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Acad Emerg Med. 2003 Aug;10(8):860-6.

Emergency department presentations of naltrexone-accelerated detoxification.

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Department of Emergency Medicine, Sir Charles Gairdner Hospital, Hospital Avenue, Nedlands, Perth, Western Australia 6009, Australia.



To analyze emergency department (ED) presentations after naltrexone-accelerated detoxification.


This was a retrospective cohort analysis of patient presentations to Sir Charles Gairdner Hospital Emergency Department over a six-month period (November 2000 to April 2001).


During the six-month study period, 42 patients presented to the ED after naltrexone-accelerated detoxification. This represented 7% of patients treated at a single clinic over the same period. Presentation occurred within 24 hours in 40% of cases and within 48 hours in 74%. Clinical features on presentation included gastrointestinal (GI) symptoms (vomiting, 60%; abdominal pain, 55%; diarrhea, 45%), central nervous system [CNS] symptoms (excessive drowsiness, 55%; agitation requiring sedation, 50%), and respiratory symptoms (tachypnea, 33%; respiratory difficulties, 19%). Gastrointestinal symptoms were managed adequately with supportive therapy in most cases (intravenous fluids; antiemetics). Agitation sometimes required large doses of intravenous benzodiazepines (up to 730 mg in 44 hours), one-to-one nursing, and security staff. Two of 14 patients presenting with predominantly CNS disturbance required intubation (14%). Mean in-hospital stay for all patients was 18 hours (range 1 to 92 hours).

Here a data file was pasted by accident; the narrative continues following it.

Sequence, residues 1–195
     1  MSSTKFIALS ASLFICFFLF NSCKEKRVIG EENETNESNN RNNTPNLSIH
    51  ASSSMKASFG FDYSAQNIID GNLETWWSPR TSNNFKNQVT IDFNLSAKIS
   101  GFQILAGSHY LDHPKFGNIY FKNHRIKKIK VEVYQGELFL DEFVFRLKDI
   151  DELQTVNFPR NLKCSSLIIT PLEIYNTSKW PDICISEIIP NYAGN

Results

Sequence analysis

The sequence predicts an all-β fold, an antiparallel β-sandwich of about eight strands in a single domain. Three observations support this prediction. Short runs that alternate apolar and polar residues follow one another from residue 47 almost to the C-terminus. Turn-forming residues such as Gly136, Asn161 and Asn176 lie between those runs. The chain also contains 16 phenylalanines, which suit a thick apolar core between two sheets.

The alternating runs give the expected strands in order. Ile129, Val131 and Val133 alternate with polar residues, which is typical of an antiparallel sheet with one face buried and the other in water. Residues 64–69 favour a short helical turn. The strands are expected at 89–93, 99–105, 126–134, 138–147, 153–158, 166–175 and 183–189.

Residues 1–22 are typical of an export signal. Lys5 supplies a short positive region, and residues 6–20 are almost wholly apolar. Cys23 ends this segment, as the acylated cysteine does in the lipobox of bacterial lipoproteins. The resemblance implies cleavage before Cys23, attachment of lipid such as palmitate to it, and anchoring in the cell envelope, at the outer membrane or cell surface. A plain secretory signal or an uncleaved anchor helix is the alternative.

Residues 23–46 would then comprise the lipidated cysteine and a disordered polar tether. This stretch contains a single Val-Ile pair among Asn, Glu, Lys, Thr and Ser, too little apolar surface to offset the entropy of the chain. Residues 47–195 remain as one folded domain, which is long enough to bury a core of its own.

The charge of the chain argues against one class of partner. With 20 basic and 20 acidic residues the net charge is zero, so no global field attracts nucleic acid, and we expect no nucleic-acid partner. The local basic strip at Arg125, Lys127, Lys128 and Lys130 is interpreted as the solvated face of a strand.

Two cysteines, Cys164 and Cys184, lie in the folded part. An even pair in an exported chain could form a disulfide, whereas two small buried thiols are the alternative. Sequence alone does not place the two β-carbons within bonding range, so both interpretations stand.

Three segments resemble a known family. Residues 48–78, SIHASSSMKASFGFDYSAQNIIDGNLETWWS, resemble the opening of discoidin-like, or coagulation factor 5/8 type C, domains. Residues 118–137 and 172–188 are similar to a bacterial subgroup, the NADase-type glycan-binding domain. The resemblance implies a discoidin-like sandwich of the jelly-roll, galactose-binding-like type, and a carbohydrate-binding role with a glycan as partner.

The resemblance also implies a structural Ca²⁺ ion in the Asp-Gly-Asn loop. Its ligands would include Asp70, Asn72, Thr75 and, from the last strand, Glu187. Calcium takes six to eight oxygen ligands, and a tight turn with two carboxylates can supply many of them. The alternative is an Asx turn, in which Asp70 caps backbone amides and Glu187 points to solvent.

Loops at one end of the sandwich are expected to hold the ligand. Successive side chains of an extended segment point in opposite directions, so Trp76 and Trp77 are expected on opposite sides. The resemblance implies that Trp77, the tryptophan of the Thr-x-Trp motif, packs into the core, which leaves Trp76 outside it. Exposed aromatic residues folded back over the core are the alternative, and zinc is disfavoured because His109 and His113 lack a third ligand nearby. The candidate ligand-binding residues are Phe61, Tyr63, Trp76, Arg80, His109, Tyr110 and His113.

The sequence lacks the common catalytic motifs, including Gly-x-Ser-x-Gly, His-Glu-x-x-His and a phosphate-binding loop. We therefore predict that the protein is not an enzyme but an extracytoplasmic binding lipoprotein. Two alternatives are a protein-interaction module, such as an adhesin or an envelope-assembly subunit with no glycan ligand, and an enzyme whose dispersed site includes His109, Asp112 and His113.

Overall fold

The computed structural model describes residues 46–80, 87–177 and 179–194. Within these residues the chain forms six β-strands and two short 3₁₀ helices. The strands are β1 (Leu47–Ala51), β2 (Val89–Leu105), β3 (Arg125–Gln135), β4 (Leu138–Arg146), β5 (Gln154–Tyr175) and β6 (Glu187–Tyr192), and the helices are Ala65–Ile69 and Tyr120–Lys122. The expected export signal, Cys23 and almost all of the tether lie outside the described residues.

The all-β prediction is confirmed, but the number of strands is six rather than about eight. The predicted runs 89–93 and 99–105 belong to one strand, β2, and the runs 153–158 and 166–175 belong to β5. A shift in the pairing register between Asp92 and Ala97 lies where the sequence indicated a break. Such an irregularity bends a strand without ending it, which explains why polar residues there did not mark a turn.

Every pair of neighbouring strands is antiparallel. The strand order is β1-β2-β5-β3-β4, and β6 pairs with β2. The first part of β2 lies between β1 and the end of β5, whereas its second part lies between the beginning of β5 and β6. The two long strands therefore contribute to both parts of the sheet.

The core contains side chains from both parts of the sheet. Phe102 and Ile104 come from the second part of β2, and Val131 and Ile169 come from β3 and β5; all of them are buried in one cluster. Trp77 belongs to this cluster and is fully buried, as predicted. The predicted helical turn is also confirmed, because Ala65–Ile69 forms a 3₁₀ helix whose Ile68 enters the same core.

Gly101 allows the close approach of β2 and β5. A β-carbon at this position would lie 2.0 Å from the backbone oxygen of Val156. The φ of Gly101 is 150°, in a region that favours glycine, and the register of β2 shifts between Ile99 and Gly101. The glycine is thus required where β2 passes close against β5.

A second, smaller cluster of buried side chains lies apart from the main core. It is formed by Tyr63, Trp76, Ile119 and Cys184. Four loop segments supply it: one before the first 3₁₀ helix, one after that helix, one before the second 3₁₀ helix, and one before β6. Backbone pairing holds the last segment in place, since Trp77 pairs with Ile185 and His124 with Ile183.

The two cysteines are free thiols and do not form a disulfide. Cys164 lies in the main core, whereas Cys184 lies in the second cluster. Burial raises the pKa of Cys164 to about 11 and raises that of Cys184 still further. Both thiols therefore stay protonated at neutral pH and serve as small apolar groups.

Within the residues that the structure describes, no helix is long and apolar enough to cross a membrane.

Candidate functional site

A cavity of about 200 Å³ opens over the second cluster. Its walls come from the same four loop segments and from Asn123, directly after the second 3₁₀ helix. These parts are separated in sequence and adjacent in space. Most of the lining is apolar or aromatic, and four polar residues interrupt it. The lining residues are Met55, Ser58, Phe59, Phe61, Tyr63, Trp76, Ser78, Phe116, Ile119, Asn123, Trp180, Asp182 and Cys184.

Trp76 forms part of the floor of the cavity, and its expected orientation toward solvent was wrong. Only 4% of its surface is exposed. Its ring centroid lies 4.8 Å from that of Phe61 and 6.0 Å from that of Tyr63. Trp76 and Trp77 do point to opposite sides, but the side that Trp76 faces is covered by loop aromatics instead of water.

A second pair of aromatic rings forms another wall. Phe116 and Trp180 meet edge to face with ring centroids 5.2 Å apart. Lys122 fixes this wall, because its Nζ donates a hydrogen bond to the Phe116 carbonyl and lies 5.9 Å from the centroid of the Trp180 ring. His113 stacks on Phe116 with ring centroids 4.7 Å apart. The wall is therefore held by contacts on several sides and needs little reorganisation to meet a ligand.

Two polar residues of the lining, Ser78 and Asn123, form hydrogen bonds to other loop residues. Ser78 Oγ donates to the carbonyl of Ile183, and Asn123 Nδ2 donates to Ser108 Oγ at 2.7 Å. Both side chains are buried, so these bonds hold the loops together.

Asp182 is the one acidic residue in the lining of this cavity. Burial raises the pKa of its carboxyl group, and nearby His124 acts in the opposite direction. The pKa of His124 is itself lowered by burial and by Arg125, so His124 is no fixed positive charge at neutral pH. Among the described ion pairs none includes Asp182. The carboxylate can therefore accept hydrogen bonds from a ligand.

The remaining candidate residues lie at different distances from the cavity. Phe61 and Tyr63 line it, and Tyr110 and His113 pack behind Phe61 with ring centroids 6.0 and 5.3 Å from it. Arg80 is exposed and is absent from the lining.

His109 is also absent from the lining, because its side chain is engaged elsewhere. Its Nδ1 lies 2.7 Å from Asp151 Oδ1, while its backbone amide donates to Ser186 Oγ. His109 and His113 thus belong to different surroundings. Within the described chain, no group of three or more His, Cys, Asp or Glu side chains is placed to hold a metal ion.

A few patients undergoing outpatient naltrexone-accelerated detoxification during a six-month period subsequently required ED management. The clinical features encountered in this group of patients can be subdivided into GI or CNS predominance, with different management strategies. Most presentations can be managed in the ED or an associated observation ward, but departmental resources must be available for one-to-one nursing and security personnel. Patients presenting with agitation should be sedated with benzodiazepines; large doses may be required. Close monitoring of respiratory function is mandatory, and advanced airway management may be required.

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